Electrified Trucks Will See Sales Grow 10 Times in 10 Years, Study Says

Electrified work trucks, and the incentives that back them, are seeing enough interest to grow 10-fold in sales by 2026, according to a new study.

Fleet operators using medium and heavy-duty trucks are likely to up annual global sales from about 31,000 to around 332,000 in 2026, says a Navigant Research forecast. Electrified vehicles counted in the study include hybrid, plug-in hybrid, all-electric, and hydrogen fuel cell vehicles.

Driving forces behind the sizable increase include generous government subsidies, at the local and national levels, for fleets to invest in fuel-efficient technologies and clean fuels. While conventional diesel commercial trucks have become cleaner in the U.S. over the past few years, the added costs of purchasing these diesel trucks have helped reduce the cost of switching over to electric-assisted and all-electric vehicle powertrains, according to the study.

The electric truck segment had seen losses about two-to-three years ago, as a few startup truckmakers filed for bankruptcy or left the market. That trends has been turning around lately.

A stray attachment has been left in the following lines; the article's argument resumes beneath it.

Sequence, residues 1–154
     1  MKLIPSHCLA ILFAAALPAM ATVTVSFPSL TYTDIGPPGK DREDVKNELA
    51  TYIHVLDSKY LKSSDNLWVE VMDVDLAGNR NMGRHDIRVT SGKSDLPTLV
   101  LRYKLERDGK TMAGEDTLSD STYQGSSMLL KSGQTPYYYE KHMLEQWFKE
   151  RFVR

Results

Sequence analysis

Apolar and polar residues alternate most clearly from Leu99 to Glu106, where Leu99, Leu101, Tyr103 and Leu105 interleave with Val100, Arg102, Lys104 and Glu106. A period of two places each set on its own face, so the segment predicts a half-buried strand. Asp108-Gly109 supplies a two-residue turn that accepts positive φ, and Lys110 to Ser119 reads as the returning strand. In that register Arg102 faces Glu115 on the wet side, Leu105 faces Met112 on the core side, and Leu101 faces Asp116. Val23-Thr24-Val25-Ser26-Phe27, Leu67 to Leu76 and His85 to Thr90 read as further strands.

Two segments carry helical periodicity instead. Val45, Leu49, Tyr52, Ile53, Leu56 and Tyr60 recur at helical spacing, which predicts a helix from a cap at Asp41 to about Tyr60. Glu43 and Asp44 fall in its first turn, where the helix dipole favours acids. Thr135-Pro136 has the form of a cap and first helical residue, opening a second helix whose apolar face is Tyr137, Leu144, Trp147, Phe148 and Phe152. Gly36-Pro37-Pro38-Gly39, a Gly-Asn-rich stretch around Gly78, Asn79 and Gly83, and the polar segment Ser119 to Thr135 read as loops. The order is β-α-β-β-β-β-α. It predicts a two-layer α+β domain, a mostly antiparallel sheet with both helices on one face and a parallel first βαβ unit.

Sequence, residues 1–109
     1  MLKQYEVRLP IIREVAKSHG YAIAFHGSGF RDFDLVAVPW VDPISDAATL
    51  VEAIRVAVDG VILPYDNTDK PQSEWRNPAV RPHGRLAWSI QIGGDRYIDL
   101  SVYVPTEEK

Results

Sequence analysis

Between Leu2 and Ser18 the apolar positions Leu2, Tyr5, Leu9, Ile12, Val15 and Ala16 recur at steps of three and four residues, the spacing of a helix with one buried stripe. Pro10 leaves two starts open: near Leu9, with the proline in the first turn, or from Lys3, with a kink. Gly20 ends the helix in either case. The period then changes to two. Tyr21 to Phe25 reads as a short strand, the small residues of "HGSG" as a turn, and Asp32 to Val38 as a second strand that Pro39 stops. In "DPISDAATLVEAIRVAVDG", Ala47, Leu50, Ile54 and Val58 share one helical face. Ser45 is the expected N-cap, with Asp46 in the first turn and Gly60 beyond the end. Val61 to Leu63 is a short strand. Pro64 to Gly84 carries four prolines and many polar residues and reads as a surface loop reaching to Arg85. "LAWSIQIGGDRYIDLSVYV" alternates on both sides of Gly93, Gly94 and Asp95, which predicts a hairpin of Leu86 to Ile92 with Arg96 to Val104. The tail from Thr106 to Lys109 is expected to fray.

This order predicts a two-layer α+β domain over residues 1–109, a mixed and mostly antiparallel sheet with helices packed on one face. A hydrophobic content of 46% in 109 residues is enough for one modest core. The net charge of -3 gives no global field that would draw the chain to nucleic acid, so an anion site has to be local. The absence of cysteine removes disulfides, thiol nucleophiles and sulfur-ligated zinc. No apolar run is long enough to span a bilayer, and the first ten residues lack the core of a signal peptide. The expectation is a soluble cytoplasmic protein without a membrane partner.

“New and established suppliers are starting to offer alternative powertrains as well as complete electric vehicles for niche applications,” said David Alexander, senior research analyst with Navigant Research.

Alexander also sees the way fleets operate their trucks to work better for electric vehicles than gasoline or diesel trucks.

“Limited daily range and a drive cycle featuring a lot of stopping and starting are applications that benefit most from electric drive capabilities, and delivery and refuse collection vehicles are expected to be the primary targets in the short term,” he said.

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Bus operators had taken the lead over truck fleets in deploying electric vehicles. Navigant sees technology advances and production experience from that segment transferring over well to work trucks.

Growing demand for electric cars has also opened up opportunities for trucks operators. Battery packs are starting to see costs fall, which will be transferring over to electric trucks.

Electrified work trucks will see sizable gains in sales, based on the Navigant analysis. It still won’t play a leading role in sales, making up only about 5 percent of electrified vehicle sales in 2026, according to the forecast.


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